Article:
"He remembered two years ago, when he was a junior commander in the Nahal Brigade. A suicide bomber blew himself up at the Hamra checkpoint. There were no injuries; there was only one corpse on the ground -- that of the terrorist. Not a corpse in the traditional sense of the word, but body parts. Y's friends were happy and screaming with joy. They took one of the bomber's hands and pinned it to his leg. Later they told him how they had played 'Complete the Picture'. Then the cameras appeared. G, another junior commander, took a photo with the bomber's severed head. His comrades laughed. They put the head on an iron spike, making it look like a scarecrow. Later, or perhaps before -- he has now forgotten -- a cigarette was put in the corpse's mouth.
"'This was a very funny scene for the squadron,' Y says. 'I tried to tell them, Have you gone mad? You're disgusting. They didn't know what I was talking about. A little while later, I felt that it was even worse than it seemed at the time. You see that all of a sudden and you say to yourself, what is this? We want to think we're better than them -- the Arabs -- but we're exactly like them. They're our enemies, and we're their enemies. They have no standards of conduct, but where exactly are our ethics? How is our behaviour any different from theirs when the armoured carrier blew up? How are we any different than when they desecrated the corpses in Ramallah? How are we different?'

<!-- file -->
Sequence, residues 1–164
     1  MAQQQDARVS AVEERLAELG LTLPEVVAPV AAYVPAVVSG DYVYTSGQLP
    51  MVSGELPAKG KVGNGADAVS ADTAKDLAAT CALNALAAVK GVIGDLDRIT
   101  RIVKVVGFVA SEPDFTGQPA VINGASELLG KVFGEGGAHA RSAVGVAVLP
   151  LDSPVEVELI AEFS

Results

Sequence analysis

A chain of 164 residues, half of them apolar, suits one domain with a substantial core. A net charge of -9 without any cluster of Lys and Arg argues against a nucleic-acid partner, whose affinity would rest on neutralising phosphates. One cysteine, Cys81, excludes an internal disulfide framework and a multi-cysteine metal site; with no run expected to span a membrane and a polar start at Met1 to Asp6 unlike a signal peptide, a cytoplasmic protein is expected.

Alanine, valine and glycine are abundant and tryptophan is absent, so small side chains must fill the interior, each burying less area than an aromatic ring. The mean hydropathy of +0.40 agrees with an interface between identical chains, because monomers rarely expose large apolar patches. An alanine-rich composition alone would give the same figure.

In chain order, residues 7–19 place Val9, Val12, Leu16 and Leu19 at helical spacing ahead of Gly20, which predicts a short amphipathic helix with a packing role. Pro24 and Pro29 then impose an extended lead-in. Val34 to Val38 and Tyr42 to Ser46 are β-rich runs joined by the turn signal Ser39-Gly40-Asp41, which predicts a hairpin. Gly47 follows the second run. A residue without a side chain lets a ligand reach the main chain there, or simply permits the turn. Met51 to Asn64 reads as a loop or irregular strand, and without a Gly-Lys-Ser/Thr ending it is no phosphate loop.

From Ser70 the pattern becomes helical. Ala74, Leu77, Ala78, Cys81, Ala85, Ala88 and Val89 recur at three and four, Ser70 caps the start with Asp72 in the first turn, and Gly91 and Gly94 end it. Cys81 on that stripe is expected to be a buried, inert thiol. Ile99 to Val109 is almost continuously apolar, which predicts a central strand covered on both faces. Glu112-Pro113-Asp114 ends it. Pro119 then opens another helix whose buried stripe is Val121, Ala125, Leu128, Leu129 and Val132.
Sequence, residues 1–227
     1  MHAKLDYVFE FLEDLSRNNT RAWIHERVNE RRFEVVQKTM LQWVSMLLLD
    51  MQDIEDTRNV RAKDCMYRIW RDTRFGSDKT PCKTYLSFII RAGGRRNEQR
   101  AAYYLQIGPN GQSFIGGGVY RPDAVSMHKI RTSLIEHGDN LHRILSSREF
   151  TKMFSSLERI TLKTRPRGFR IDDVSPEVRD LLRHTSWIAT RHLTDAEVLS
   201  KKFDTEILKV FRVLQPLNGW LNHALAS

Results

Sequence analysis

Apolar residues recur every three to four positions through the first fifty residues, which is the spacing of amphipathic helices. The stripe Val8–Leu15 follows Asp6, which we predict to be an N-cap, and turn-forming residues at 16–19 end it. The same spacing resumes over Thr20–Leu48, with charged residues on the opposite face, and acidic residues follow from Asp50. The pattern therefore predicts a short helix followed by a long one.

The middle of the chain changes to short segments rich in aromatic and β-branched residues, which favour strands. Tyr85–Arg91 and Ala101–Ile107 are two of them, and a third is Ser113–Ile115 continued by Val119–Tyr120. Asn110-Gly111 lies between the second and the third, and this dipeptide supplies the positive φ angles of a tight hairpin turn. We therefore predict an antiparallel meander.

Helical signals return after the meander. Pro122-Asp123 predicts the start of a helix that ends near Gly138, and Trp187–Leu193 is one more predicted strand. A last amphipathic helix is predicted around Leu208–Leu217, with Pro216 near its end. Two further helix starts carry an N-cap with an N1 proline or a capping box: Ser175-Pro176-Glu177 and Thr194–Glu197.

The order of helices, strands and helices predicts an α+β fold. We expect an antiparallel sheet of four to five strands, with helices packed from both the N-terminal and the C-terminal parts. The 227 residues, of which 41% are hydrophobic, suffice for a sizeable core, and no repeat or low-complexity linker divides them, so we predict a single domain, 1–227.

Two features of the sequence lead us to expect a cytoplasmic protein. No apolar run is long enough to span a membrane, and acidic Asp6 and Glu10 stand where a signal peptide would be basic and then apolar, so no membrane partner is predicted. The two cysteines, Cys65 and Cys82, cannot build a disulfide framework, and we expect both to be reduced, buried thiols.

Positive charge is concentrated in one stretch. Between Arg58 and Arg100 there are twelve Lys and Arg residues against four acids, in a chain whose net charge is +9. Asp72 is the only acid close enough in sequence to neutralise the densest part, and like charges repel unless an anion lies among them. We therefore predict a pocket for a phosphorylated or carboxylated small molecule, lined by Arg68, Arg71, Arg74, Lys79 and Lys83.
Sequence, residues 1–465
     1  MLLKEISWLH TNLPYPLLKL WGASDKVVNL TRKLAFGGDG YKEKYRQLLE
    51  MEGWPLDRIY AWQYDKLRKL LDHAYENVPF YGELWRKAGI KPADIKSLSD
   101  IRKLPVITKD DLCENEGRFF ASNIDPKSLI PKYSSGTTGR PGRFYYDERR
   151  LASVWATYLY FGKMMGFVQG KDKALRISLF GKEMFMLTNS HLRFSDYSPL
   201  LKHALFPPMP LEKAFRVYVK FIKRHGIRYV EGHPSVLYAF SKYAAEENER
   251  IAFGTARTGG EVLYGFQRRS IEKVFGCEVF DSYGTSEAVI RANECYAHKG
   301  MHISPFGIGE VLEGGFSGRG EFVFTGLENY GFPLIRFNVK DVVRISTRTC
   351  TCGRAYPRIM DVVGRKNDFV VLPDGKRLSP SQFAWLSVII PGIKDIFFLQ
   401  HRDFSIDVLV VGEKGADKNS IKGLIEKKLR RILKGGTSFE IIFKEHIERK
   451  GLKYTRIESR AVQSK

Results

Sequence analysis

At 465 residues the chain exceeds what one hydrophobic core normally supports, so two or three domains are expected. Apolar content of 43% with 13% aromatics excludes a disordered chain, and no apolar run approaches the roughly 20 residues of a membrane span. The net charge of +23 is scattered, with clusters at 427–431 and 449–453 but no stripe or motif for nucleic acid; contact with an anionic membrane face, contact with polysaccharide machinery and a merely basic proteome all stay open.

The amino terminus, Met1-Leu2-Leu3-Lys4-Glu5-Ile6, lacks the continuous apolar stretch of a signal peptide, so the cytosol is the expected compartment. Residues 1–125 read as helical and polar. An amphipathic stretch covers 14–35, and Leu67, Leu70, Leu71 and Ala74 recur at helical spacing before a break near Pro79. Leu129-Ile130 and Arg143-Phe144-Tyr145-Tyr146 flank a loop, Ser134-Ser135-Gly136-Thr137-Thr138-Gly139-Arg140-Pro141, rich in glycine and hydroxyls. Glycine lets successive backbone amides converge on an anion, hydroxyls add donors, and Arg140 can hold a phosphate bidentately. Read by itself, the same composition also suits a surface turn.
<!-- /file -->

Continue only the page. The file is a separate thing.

"We can look for differences and we can find them. While it appears that brutality is ingrained in many Palestinians, we see it on the Israeli side in only a few incidents. But we can also look for reasons to worry, and we can find those as well. We can ask, for example, why the celebration with the body parts of the Palestinian -- even if it is an isolated incident -- was not met with the necessary measures by the leadership, although most individuals in the unit knew of the incident. We can ask why in many IDF units -- these are not isolated incidents -- the latest fad is to take photos with a Palestinian corpse in funny positions. These have become standing orders in a state of war. We can ask why it is that the body of a terrorist, clearly dead, becomes a sieve, just so that some soldiers can shoot it for a memory. Perhaps this is all not very important; when there are some incidents in which soldiers abuse living Palestinians, we shouldn't be too upset by the few cases in which they have a little fun with the bodies of dead Palestinians. Nevertheless, maybe the saying -- when your enemy falls, immediately pull out the camera -- is an expression of pure brutality. It is confirming the kill of moral standards."
The remainder of the article is filled with dozens of stories from soldiers about killings of Palestinians and the desecration of their corpses in raucous parties. The article is an indictment of Israeli soldiers and army commanders, all of whom must be held accountable under international law. If not, who will be held accountable and who will prevent a repetition of these crimes?
To read more about this issue, please visit the website of Arabs Against Discrimination www.aad- online.org.